The man was charged for killing the teen outside the store

Rolling Stone

RENTON, Wash. — The man suspected of shooting and killing a 17-year-old boy outside BIG 5 in Renton on June 5 was charged Monday.
According to the Renton Police Department, the 17-year-old was shot at a Big 5 Sporting Goods parking lot around 7:45 p.m. on June 5.
The victim and two other 17-year-olds were walking into the store when there was an altercation between them and Myers.
Myers told police he has seen numerous crimes occur in the parking lots and conducts “overwatch” there to ensure his son is safe.
In charging documents, prosecutors argue Myers is not a member of law enforcement and has “not been trained in how to safely prevent crime.”
Myers told police he approached the teens with his gun down, telling them to drop their weapons and put their hands up.
At this point, Myers told police he thought the teen was going to shoot.
Prosecutors argue Myers attacked the teens and “at every stage of interaction chose to escalate with more and more violence” until the fatal shooting.

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RENTON, Wash. Charges were brought against the man on Monday who is believed to have shot and killed a 17-year-old boy on June 5 outside BIG 5 in Renton.

Second-degree assault and second-degree murder are the charges against 51-year-old Aaron Brown Myers. He will be arraigned on June 24 and is still being held in jail on a $2 million bond.

Around 7:45 p.m., the 17-year-old was shot at a Big 5 Sporting Goods parking lot, according to the Renton Police Department. m. on June 5.

An altercation broke out between the victim and two other 17-year-olds as they were entering the store. Myers was involved.

After completing his shift as a “licensed” and “armed” security guard, Myers informed the police that he was heading to the parking lot to pick up his son from a martial arts clinic. Myers said he keeps “overwatch” in the parking lots to make sure his son is safe because he has witnessed multiple crimes there.

Prosecutors contend in charging documents that Myers is not a law enforcement officer and has not received the necessary training to “safely prevent crime.”. ****.

The suspect stated in court documents from his initial court appearance that he saw the teenagers entering the store carrying what appeared to be a gun and assumed they were going to carry out an “armed robbery.”. “.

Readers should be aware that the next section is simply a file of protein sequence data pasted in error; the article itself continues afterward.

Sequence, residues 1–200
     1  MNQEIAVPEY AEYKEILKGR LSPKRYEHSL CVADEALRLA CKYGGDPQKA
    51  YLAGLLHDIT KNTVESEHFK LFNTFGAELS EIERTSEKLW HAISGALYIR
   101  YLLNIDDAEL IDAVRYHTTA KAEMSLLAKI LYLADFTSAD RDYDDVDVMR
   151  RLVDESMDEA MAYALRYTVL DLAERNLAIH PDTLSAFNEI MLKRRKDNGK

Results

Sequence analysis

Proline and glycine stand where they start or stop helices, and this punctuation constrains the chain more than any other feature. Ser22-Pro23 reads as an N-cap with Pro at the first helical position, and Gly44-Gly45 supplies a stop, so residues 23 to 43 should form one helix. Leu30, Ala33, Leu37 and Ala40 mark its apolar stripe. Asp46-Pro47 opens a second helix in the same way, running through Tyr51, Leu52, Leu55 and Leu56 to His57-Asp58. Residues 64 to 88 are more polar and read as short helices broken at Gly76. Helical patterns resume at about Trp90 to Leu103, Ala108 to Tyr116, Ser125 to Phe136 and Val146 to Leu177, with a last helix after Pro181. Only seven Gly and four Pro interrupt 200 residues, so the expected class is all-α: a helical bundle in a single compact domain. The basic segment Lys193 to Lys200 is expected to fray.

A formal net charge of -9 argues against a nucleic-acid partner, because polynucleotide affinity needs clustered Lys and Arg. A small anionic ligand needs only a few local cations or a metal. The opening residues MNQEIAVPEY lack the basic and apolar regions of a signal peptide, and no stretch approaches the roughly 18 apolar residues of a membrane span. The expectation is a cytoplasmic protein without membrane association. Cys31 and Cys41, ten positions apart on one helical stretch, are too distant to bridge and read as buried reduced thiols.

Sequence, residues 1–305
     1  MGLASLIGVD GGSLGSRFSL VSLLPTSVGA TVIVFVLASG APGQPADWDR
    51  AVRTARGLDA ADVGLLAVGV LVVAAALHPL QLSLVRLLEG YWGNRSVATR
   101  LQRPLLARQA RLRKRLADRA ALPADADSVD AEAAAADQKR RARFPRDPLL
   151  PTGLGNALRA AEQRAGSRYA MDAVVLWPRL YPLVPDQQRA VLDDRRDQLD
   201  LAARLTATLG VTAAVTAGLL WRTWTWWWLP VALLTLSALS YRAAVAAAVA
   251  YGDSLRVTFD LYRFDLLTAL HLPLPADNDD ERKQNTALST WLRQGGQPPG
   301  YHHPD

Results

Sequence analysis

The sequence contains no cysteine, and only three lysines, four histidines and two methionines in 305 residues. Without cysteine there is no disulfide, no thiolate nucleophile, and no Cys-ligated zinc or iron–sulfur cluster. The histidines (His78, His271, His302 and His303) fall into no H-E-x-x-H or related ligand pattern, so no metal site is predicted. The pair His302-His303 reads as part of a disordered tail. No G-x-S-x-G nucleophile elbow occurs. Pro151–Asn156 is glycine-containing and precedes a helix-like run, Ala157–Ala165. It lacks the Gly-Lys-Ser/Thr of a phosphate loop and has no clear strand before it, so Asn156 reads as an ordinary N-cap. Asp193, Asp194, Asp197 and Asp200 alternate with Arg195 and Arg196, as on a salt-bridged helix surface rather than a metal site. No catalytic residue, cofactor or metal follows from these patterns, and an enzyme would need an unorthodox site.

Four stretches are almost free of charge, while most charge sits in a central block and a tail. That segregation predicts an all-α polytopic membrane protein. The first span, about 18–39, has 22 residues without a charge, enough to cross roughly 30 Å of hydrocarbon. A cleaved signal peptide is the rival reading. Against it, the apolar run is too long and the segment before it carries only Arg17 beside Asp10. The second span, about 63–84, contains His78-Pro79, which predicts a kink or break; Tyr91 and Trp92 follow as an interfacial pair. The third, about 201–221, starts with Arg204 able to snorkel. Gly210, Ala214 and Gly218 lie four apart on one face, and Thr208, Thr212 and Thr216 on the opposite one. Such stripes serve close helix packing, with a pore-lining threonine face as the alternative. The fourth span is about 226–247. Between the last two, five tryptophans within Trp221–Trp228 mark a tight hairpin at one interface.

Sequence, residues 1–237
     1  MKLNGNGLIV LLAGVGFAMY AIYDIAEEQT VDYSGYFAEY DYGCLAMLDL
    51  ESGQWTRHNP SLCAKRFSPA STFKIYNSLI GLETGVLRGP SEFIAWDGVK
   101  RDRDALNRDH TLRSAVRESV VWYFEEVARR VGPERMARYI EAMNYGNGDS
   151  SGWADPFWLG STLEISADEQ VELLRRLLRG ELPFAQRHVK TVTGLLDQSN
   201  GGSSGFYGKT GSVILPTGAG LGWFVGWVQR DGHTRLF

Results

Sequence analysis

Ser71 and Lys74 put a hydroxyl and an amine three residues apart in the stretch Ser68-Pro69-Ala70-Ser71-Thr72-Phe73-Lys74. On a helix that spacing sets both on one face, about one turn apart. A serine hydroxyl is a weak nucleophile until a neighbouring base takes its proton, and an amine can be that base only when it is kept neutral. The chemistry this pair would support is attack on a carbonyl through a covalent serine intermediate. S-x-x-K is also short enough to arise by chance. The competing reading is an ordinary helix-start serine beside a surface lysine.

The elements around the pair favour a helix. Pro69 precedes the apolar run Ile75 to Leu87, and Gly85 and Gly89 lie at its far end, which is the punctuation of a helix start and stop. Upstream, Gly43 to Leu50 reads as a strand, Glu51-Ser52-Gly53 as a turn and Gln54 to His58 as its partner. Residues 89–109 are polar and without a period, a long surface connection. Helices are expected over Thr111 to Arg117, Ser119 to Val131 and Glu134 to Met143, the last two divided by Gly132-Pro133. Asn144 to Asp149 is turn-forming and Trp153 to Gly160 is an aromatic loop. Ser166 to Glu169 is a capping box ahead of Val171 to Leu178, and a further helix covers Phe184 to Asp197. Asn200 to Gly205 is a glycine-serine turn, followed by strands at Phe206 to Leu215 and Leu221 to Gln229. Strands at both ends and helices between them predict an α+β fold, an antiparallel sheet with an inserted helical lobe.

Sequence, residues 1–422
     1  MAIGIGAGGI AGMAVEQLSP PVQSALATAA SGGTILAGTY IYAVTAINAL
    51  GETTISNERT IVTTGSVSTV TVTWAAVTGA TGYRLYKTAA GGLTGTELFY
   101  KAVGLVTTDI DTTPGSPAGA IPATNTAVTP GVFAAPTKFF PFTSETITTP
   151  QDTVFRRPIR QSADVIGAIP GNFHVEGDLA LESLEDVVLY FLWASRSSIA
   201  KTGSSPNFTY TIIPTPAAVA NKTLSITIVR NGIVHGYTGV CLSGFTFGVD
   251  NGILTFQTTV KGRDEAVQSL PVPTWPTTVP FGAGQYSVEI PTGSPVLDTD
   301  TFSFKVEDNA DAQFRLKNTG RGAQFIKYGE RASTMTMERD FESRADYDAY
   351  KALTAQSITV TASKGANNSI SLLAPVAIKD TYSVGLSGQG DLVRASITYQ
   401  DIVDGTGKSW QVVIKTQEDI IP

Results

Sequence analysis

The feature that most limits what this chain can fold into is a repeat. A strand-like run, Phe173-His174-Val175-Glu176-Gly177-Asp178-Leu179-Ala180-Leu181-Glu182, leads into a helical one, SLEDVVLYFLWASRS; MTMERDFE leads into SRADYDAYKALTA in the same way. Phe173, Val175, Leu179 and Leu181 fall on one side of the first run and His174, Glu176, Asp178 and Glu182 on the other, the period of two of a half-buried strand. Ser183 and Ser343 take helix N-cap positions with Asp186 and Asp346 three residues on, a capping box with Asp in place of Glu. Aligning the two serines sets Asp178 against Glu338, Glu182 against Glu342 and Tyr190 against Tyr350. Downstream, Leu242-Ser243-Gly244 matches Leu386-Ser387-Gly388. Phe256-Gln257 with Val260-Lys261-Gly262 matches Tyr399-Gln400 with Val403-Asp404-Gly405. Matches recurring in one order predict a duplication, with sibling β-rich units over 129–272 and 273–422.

Prosecutors say that Myers “claimed he had a ‘duty to intervene,’ and did so,” instead of dialing 911 or waiting for evidence.

The video that the investigators viewed, they claimed, refuted what Myers had said in his police interview.

Myers told police that he told the teenagers to put up their hands and drop their weapons when he approached them with his gun down. Court documents state that security camera footage depicted Myers confronting the teenagers while pointing a gun at them. The teenagers were observed tossing an airsoft gun to the ground.

Myers claimed to have put one adolescent under restraint and witnessed another place his hand on the gun’s handle two times. By this time, Myers had informed the police that he believed the teenager would shoot. According to police, the adolescent was seen in the video lowering his hand to his waist only momentarily. The teen’s hands were empty the entire time, according to the police.

Myers fired at least seven shots, hitting the boy six times in the back and once in the side.

Police were informed by the other teenagers in the group that they were at the sporting goods store to exchange the airsoft gun due to a malfunction. The teenagers claim that they informed the suspect “many times” that the gun was fake.

Up until the deadly shooting, the prosecution claims that Myers assaulted the teenagers and “at every stage of interaction chose to escalate with more and more violence.”.

In the same parking lot, the King County Sheriff’s Office was conducting a training exercise when they promptly arrived on the scene. Despite the deputies’ best efforts, the adolescent passed away on the spot.

The June 5 incident wasn’t the first time Myers decided to “intervene” after mistaking someone for an armed person, according to charging documents. Myers followed someone carrying what he believed to be a gun—a metal object—from one store to another in March 2022. According to charges filed by the prosecution, he took this action because he thought he “may need to intervene” and “might have to shoot” the individual.

In that instance, Myers had dialed 911, and when police came, they discovered the person he was pursuing was not armed and did not pose a threat.

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